If a Liberian has not had any rice, and you ask them “Have you had something to eat today?”, they would answer “No, I haven’t eaten,” because they hadn’t had any rice. That’s how intimate our relationship with rice is. Right now, Liberia imports at least 60-70% of the food we eat in the country. More than half of that import volume is rice.
The way I would sum it up is that if a Liberian hasn’t had rice, they haven’t eaten.
Lofa, where we work in Foya, used to be regarded as the breadbasket for Liberia. They used to produce large volumes of rice, year in year out, and everybody knew them for the volume of rice coming out of that region. The lowlands were developed with canals, dams, everything needed to store water throughout the year. They were able to farm and harvest three times a year. However, after fourteen years of civil war, total disrepair and lack of maintenance, those dams could no longer function properly and the canals were all closing up.
What we did was to meet these people, we held a series of dialogues, and the analysis revealed that if those lowland areas that were once developed were rehabilitated, the dams were restored and returned to their pre-war potential, the community would be able to regain its status. The communities felt very confident that that would significantly boost rice production in the area, generating more income, bringing more food into the region, and allowing them to export the excess to other parts of the country.
Potential for scale
If we Liberians were able to produce sufficient rice to feed ourselves, food security would be guaranteed for every household, that would have a ripple effect on health, on education, on all the other sectors, including the economy.
Liberia is estimated to have a little over 600,000 hectares of lowland across this country. We are blessed with lots of water resources – wetlands all over the country. Right now, less than 10% of that resource is actually being used. If we were to invest at scale in lowland development, in the next 5 years or so, Liberia could be fully self-sufficient in rice production.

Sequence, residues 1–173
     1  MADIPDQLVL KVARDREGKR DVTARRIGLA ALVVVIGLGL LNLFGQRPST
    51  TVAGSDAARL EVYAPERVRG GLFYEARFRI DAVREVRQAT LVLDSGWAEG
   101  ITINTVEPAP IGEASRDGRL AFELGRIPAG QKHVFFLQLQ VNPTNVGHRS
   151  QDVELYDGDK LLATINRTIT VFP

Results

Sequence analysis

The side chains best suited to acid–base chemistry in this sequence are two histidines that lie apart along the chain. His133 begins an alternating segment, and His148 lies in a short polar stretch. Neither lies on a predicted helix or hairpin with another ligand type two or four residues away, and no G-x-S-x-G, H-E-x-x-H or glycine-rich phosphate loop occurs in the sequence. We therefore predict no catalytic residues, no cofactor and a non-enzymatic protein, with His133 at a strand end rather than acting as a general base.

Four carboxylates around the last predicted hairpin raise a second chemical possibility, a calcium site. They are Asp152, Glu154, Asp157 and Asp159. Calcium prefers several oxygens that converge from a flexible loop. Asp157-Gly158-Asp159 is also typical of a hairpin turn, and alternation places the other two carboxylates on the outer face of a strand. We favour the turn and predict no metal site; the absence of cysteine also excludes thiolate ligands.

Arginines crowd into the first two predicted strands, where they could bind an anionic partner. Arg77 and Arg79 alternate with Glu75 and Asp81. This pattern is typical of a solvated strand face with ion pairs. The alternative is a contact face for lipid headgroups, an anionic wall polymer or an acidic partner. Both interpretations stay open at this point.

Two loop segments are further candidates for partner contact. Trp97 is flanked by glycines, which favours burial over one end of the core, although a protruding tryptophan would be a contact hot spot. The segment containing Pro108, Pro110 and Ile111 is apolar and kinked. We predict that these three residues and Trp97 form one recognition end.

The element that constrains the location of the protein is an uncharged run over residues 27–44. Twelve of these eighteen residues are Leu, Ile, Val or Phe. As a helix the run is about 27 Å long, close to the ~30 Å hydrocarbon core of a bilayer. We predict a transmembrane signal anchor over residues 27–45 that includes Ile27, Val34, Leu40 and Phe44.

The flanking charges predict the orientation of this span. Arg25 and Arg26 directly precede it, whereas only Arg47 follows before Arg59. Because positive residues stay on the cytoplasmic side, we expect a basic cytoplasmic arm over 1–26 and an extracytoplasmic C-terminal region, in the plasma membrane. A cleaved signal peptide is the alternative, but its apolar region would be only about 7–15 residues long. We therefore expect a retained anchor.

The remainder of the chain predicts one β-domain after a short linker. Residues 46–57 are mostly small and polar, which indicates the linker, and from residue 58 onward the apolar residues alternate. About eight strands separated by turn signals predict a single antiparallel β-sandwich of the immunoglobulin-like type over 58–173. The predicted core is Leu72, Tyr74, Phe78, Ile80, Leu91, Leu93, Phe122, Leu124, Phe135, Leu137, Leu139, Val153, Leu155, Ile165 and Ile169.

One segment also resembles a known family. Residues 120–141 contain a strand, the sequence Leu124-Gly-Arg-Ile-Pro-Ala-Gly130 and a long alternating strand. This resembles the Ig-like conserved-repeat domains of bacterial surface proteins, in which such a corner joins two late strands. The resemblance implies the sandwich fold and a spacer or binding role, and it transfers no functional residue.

Cooperatives for thriving communities
In one of the regions in which we work, in Sinoe County in the South-East, deforestation rates are extremely high, and people there live in extreme poverty. Income levels are extremely low. All of the most relevant factors that contribute to deforestation are at play in that region. Organising people in that area into small farming groups, into small saving associations, is giving them the tools they need to reduce their poverty-induced deforestation.
If they save together, and lend to each other during difficult times, and don’t have to turn to the forest every time they face a challenge, the forest will be better protected.
For example, people also produce a lot of cassava in Sinoe County. We are now working to turn the small saving groups, who also come together as farmer groups, into cooperatives, and working with them to set up small cassava processing hubs. Through that, they can lift themselves out of poverty. What needs to happen is to invest more in better production techniques, to invest more in better organisation of these farmers’ groups, so that all of these can interact in order to create a better condition for these people to thrive, and thereby be in a better position to conserve their resources, including forest.
When you go into communities, you don’t need a scientist to tell them why or how their activities impact on the forest. They explain to you, they do their own analysis. They say to you
However, from local people’s perspective, they need to put food on the table for their family. They need to educate their children. They need to be able to provide healthcare for their family members. The resource that is closest to them is their land and the forest. There is no way they are going to allow other stakeholders to ring-fence these resources and ask them not to use them. And they need to do that: they have the right to a decent living. But when you work with them to address the basic and urgent needs they have – they become partners.
Our agricultural practices are a problem, because they are affecting our natural environment.
Population growth and shifting agriculture puts pressure on forests
In Foya, deforestation occurs most often in the upload areas. Fifty or one hundred years ago, the population was so low that shifting agriculture could happen without having the type of impact we are seeing now on forests. That was because the population was small, people were able to farm here, allow the area to fallow again, and then come back ten to fifteen years later, the area would be fully forested, and they would be able to farm there again.